editing online communities
Have you heard of Stellar Skateboard? Likely not, in part because Wikipedia’s citizen gatekeepers keep a close eye on edits to actor Stellan Skarsgård’s page. Such hints about how digital technology has brought major changes to the ways information is controlled and shared have prompted researchers Moritz Bürger, Stephan Schlögl, and Hannah Schmid-Petri to study information control on Wikipedia.
In their piece, new in Social Networks, the authors examine a sample of 222 unique articles from the French and Spanish language versions of Wikipedia, focusing on networks of deletions among the site’s editors. Their findings indicate that highly active editors establish crucial reputations on the platform, helping to prevent their contributions from being deleted by other editors. Because these editors often view themselves as content creators rather than mere gatekeepers, they tend to be both hesitant to delete contributions made by other editors and comfortable deleting contributions made by “outsiders.” Users who engage with their peers via Wikipedia’s talk pages are less likely to delete others’ contributions, too. Additionally, the researchers report that many different editors occasionally engage in text deletion and reason that digital platforms’ information control likely involves collective, somewhat coordinated patterns that prevent single actors from independently assuming a gatekeeper role.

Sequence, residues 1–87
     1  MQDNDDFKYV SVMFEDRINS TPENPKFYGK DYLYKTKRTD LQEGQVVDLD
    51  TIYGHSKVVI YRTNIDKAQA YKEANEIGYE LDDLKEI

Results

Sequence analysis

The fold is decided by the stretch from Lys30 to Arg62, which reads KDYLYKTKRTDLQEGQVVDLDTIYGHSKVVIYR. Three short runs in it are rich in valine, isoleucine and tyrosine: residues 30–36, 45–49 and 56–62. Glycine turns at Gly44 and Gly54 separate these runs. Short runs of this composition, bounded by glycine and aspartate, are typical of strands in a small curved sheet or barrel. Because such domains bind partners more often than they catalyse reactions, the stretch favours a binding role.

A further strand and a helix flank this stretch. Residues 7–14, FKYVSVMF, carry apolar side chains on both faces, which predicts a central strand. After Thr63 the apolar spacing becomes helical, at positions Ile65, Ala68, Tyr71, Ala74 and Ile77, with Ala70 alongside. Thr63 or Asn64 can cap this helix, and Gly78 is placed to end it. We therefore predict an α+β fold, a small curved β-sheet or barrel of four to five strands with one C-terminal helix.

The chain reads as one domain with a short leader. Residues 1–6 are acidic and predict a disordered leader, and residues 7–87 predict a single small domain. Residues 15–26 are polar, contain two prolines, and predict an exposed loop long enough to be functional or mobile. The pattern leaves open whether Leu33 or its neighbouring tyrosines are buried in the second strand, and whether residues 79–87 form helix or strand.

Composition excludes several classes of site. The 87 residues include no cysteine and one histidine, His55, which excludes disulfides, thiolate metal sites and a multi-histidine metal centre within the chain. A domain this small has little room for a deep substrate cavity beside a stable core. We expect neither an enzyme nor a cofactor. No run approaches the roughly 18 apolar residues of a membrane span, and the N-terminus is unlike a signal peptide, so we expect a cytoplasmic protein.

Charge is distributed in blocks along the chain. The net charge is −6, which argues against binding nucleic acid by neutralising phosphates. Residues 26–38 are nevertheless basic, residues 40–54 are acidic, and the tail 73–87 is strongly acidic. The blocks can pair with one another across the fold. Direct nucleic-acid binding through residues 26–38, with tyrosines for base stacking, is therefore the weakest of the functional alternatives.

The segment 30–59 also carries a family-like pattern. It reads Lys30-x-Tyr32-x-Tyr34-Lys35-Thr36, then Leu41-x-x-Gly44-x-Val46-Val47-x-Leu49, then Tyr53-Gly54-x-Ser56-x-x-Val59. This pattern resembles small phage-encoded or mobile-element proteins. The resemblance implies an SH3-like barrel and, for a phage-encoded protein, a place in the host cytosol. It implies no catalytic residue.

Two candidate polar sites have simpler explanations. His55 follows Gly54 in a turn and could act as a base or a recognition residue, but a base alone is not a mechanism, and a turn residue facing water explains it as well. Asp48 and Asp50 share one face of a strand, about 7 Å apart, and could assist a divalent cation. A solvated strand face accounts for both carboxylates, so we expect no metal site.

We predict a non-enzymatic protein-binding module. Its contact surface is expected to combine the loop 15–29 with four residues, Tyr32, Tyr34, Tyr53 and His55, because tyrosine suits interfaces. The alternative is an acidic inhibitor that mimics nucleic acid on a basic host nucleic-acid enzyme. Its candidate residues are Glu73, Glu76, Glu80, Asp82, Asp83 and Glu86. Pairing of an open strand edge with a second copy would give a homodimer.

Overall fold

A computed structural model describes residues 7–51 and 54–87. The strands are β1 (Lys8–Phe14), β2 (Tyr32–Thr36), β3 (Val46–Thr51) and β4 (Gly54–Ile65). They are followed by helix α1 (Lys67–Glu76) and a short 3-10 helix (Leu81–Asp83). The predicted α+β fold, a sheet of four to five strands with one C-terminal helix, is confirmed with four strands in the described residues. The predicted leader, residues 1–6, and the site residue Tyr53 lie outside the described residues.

Even in decentralized, digital forums where the trappings of community seem absent, careful observers can see the workings of real-life gatekeeping around insider/outsider status. This raises profound questions about what digital communities are, what they can become, and whether they can (or should) transcend the social constraints of everyday life.